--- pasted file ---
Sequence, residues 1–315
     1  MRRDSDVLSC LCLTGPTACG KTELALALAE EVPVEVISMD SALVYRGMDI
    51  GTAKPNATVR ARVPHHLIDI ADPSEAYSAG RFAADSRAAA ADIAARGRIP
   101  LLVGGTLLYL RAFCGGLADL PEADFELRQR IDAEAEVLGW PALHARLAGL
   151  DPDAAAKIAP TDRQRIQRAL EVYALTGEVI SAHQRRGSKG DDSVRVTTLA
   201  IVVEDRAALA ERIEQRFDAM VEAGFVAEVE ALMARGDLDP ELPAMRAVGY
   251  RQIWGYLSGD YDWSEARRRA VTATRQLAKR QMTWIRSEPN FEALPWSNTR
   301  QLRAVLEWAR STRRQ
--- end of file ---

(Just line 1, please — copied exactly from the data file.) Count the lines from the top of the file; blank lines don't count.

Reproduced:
Sequence, residues 1–315